So, holding in mind the idea “leave this world better off than you found it”, let’s skip ahead in time to about fifteen years ago.

That spring morning I was cut off at a four-way stop on High Street by a male driver who sleazed through my right-of-way as though glued to the bumper of the car directly ahead of him. He revved his engine aggressively, flipped his middle finger and screamed at me from his car, face contorted with rage. I was too surprised to be angry; nor do I make it a habit to willingly encounter any man exhibiting obvious mental issues. So I went my way and he went his.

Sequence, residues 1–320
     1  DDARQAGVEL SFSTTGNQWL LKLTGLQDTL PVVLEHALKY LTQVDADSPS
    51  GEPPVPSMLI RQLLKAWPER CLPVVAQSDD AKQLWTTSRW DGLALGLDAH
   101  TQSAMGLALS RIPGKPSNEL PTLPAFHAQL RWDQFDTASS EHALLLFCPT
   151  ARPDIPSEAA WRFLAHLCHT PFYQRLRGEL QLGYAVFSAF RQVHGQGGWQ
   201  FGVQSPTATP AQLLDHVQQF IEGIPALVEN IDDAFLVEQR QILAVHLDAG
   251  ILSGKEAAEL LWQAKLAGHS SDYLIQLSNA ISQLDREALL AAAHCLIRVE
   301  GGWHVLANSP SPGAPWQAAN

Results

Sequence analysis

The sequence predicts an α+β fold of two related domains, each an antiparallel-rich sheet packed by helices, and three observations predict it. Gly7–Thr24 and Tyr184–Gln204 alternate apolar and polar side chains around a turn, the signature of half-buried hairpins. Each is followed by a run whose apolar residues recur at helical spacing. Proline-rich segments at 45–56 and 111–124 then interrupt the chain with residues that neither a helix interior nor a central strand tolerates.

But later I began to wonder what kind of psychic aftereffects might be caused by a chance meeting with a man like this. Back when I was younger and had not yet developed sufficient emotional strength, such an encounter would have ruined my entire morning. An assault, whether physical or emotional, by a hate-filled person leaves ripples that spread, bounce against each other and spread again, ever widening. If this driver had behaved similarly to every susceptible person he came upon that day, he could have dragged down the emotions of dozens of other innocent drivers (not taking into consideration the feelings of his coworkers, or his unfortunate family). And these people in turn might have spread their frustration and hurt onward to other people.